"This is an unprecedented study for us, and the website is a powerful tool that enables anyone to access the results based on what's of most interest," said Patricia Gumport, vice provost for graduate education.
The data and this new interactive website are a goldmine for faculty, current graduate students and prospective PhD candidates, as well as a model for how such studies are done and rendered, Gumport said.
On the website, users can see initial employment and current employment across the full range of Stanford's doctoral degree programs, sorting into four broad employment sectors – academia, business, government, non-profits – by field of study as well as by department. Users also can see types of positions, job titles, employers and geographic location – and can make comparisons across programs. For alumni employed in the academic sector, the data are subdivided by position type: tenure-line faculty, non-tenure line faculty, postdoctoral scholars and staff. Academic employment can also be disaggregated by institution type, including doctoral granting, master's granting, bachelor's granting or international.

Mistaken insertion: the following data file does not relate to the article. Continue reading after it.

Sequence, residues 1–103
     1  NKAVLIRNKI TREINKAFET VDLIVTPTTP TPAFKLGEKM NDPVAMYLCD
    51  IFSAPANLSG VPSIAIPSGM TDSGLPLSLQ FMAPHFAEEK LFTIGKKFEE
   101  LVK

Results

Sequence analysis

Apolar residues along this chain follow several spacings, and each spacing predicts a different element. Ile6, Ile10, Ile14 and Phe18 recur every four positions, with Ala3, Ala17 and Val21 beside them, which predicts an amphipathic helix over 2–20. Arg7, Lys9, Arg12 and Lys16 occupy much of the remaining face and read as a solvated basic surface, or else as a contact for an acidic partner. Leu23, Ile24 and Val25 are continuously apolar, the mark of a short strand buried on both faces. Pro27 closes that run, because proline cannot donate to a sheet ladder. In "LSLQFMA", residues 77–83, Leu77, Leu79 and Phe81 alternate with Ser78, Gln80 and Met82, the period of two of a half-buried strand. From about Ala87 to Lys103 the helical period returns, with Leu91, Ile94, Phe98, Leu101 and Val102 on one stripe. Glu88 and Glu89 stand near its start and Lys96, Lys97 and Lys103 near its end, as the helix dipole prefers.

The value of the site becomes clear, Gumport said, when the data are disaggregated by academic field, allowing faculty and students to see how career paths differ by discipline. So, for instance, 77 percent of humanities alumni were most recently working in the academic sector, in contrast to 10 percent who work in business, government and nonprofits. Forty-six percent of engineering PhDs work in the business sector, as do 40 percent of natural sciences PhDs. The business sector, however, attracted only 15 percent of social science PhDs.